For nearly 100 years, Camp American Legion in Lake Tomahawk has been a unique place for veterans of the U.S. military to visit.
Established in 1925 on land leased from the forerunner of what is now the Wisconsin Department of Natural Resources, in recent years there's been a robust effort to expand the facility's "customer base" for not only veterans but their family members as well.
Part of that effort included the recent groundbreaking ceremony for what will be called "The American Legion Family Cabin," designated primarily for the families of U.S. military personnel lost while still in the service.
It's against that backdrop that Frank Kostka, the current commander of the Wisconsin American Legion, made an announcement at the end of the groundbreaking ceremony.
He told those gathered the Wisconsin American Legion was starting a new post and it will be at Camp American Legion.
"We're looking at giving it the title of ... Post 1925," he said. "That's when the American Legion camp was first established."
In an interview, camp director Don Grundy said he recently learned something new.
"To start a post, you have to have 15 brand new Legion members," he said.
Across the country, many American Legion and Veterans of Foreign Wars posts are facing difficulty because of aging memberships.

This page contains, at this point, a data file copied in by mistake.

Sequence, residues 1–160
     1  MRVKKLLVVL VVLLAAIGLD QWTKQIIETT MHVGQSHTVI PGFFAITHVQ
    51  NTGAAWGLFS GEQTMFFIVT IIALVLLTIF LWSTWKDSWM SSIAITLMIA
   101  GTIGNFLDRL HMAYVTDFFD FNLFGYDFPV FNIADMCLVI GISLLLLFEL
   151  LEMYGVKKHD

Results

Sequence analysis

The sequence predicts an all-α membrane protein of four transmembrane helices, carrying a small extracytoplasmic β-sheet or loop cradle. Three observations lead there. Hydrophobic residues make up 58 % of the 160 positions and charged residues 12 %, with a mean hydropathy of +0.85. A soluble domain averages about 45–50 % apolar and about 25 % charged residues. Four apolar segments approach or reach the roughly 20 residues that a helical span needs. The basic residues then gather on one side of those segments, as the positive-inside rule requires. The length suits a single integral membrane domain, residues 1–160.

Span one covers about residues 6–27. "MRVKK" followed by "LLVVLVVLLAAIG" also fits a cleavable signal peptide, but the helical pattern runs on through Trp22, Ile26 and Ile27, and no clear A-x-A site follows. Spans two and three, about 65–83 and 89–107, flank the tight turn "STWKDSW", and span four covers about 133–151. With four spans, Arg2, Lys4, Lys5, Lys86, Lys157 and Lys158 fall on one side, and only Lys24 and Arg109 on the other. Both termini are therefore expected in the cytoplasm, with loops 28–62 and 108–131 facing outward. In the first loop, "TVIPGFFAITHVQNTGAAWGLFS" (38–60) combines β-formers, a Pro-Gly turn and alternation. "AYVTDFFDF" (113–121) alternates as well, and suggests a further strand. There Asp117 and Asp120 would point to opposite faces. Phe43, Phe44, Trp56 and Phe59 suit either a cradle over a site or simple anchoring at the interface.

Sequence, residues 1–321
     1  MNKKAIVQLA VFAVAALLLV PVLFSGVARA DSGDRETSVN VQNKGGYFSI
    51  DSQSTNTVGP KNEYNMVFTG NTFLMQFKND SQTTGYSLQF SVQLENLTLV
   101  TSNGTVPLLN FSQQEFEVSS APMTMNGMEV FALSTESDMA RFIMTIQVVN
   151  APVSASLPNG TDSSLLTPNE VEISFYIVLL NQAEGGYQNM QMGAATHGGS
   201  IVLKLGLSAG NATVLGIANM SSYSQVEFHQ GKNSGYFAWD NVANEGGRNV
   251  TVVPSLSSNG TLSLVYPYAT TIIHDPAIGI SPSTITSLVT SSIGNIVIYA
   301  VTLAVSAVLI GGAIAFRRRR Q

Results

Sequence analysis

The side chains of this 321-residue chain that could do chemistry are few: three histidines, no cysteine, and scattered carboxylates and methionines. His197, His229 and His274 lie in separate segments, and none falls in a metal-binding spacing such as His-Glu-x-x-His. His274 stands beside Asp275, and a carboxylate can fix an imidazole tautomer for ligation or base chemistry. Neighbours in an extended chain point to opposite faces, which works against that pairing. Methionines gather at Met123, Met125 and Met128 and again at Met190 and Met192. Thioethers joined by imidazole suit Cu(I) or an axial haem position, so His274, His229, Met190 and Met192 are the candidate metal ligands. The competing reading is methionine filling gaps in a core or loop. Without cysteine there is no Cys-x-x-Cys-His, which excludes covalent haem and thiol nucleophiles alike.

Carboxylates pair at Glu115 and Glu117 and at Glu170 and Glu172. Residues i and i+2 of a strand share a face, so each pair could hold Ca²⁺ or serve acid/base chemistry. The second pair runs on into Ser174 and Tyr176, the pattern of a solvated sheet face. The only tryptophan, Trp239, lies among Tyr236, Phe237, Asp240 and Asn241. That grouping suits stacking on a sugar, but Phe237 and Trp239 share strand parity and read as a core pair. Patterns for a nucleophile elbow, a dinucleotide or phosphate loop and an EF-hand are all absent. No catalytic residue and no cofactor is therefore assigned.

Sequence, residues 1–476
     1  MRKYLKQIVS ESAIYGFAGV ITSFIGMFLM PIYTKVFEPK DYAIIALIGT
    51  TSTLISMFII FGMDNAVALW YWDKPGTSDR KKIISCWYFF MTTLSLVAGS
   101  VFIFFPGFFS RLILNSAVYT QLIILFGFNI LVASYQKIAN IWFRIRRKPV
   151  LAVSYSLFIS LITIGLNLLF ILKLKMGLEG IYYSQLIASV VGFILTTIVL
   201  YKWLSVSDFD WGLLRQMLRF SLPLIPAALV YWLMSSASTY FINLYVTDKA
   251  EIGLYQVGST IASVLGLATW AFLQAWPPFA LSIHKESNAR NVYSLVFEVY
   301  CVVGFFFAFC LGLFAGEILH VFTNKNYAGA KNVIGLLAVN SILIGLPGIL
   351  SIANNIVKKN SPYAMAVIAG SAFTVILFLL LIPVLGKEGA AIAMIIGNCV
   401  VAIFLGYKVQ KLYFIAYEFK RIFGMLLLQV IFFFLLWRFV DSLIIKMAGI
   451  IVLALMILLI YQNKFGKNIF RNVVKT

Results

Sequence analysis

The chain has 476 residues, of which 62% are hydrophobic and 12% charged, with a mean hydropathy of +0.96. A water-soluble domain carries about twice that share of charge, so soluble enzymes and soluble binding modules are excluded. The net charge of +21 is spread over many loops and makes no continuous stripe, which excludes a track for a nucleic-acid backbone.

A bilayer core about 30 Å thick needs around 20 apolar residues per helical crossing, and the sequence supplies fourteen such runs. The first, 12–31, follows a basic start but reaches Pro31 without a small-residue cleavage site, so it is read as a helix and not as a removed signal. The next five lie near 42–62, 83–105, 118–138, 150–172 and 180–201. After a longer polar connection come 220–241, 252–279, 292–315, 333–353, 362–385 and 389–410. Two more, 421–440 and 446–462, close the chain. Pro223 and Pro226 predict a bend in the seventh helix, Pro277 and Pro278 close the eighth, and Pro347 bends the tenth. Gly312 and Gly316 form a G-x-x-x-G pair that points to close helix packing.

In most cases, younger veterans in a given area, who are often still working, find it difficult to get to regular post meetings, most of them monthly.
American Legion Post 1925, Grundy said, will be a little different.
"It won't be the traditional post," he said. "We're not going to have monthly meetings and that sort of thing. But it'll be for people - veterans - who want to support Camp American Legion."
The recruiting effort for the new post began toward the end of May and, as of June 10, there are at least four new members for the Post 1925 roster, Grundy said.
"The belief in the past was not to use Camp American Legion as a recruiting mechanism," Grundy said. "I asked at the time I started (in 2017) 'Why not? It's the best recruiting tool for the Legion you have in the state.' Now, they (Wisconsin Legion leadership) have shifted gears and realized the camp is the Legion's crown jewel in the state and we need to show people what it is we can do."
Wisconsin American Legion adjutant Amber Nikolai said a temporary post charter is being put together and the new members are essential.
"We can't actually get anything started up until we have those 15 brand new members," she said.
According to the Wisconsin American Legion's census reports, over 85 percent of veterans who attend Camp American Legion aren't members of the American Legion, Nikolai said.
"And they don't become Legion members," she said. "I'm guessing their affinity is for camp and what camp has to offer."
Nikolai said interested veterans who currently aren't Legion members but would like information regarding not only information regarding membership in the American Legion and more specifically, Camp American Legion Post 1925, may call Chris Schmidt, the Wisconsin American Legion's membership coordinator, at 608-745-0336. Email is Chris@wilegion.org.
Brian Jopek may be reached via email at firstname.lastname@example.org.
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